If you’re developing your own adapters against the WCF LOB Adapter SDK, then it might be worth your while to try out the June CTP of the SP2 of the WCF LOB ASDK. There are a few minor changes, but we might make more based on your feedback.

I’m mentioning the changes from SP1 to the June CTP of SP2 in brief. For more details, you should refer to the documentation.

  • Pre SP2, the ASDK allowed all input channel shapes – IInputChannel, IInputSessionChannel, IReplyChannel, and IReplySessionChannel. In SP2, there is a setting exposed to the adapter, which allows the adapter to control which of the above four shapes should be allowed. This is important when the adapter is used with BizTalk, and you want to integrate the LOB transaction (assuming it understands System.Transaction) with the BizTalk MessageBox transaction – in such a situation, you only want to allow one-way channels to be used. In other cases (SAP for example), where a reply always needs to be sent back to the LOB, you might want to only allow two-way channels.
  • Pre SP2, the WSDL generated (based on the operations selected in the Metadata Search Browse UI) was always compiled before being returned to the caller (or being converted to a WCF proxy). In some situations (e.g., where the adapter is overriding the XSD generation to return metadata for – let’s say a System.Data.DataSet) – the XSD/WSDL might not compile (even though svcutil.exe can successfully convert it to a WCF proxy). In order to allow this, a setting is exposed to the adapter which determines whether the WSDL should be compiled or not, before being converted to a WCF proxy. The advantage of compilation is that it can catch “real” errors in the wsdl.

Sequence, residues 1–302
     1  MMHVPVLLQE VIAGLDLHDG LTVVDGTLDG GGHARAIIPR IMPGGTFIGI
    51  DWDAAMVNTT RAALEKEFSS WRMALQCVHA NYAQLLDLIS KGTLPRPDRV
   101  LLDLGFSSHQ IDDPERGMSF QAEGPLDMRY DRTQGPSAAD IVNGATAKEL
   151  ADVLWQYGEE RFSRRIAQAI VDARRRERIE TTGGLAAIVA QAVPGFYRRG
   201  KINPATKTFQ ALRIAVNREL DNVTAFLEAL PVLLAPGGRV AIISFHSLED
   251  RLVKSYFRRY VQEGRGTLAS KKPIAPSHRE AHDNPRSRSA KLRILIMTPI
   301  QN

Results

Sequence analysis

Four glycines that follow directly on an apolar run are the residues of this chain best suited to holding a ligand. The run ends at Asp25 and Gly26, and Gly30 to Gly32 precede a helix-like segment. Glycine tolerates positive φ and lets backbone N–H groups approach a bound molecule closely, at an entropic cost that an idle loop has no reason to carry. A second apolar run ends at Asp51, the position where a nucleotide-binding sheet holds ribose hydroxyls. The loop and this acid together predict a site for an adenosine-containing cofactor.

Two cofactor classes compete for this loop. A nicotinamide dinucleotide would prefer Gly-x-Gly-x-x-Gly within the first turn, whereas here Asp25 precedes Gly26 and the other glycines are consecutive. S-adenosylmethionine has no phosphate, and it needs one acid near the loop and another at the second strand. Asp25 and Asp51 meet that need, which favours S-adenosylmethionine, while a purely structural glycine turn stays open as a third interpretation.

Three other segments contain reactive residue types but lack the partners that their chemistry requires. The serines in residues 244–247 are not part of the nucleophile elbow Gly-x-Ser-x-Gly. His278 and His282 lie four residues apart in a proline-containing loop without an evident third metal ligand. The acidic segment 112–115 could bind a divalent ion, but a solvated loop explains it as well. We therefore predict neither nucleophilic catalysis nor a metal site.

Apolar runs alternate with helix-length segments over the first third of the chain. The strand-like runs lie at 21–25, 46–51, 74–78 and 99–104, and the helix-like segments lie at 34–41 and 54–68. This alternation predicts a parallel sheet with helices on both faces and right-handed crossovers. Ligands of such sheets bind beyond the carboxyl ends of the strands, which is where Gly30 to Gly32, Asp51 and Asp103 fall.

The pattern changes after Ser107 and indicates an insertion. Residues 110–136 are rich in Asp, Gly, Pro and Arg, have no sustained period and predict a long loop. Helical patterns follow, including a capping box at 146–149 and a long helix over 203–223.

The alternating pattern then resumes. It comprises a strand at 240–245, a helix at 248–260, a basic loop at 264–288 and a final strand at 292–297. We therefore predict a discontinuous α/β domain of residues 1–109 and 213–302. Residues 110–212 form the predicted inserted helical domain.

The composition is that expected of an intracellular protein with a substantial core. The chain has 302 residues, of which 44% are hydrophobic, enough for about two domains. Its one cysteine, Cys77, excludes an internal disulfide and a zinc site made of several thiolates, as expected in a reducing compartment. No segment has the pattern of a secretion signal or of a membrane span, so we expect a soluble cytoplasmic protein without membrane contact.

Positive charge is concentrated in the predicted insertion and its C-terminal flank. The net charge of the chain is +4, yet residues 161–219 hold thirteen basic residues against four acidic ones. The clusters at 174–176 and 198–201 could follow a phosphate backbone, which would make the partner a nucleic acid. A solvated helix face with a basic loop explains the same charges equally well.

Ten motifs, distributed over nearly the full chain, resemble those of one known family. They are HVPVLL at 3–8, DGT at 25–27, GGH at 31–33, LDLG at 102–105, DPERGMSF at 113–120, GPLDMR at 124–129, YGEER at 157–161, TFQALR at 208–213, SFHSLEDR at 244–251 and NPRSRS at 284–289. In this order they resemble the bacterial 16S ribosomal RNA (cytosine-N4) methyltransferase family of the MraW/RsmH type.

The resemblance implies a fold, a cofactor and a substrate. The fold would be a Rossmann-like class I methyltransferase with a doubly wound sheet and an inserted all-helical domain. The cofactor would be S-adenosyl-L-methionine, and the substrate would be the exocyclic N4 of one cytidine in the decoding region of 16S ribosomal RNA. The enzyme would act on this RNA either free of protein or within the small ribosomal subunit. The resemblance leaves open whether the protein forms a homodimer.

• There are two new QualifiedTypes added for System.Data.DataSet. (For “why two” and “why not just one”, refer to the documentation).
  • Pre SP2, the MSB UI tool by default always showed all authentication options – “Username”, “Windows” and “Certificate”. The adapter can now indicate which ones are supported (and correspondingly, only those appear in the UI).
  • Pre SP2, when using the “Consume Adapter Service” tool in a BizTalk project, the XSD files generated had names like “MyBinding1.xsd”, “MyBinding2.xsd”, etc. Even though a “filename prefix” textbox was present, it had a couple of drawbacks – (a) the user had to provide the prefix, which might not clearly indicate what the XSDs contained, and (b) the same prefix applied to all XSDs generated during the metadata resolution of all operations selected in the UI. In SP2, it is now possible for the adapter to specify a “filename hint” for each XSD generated.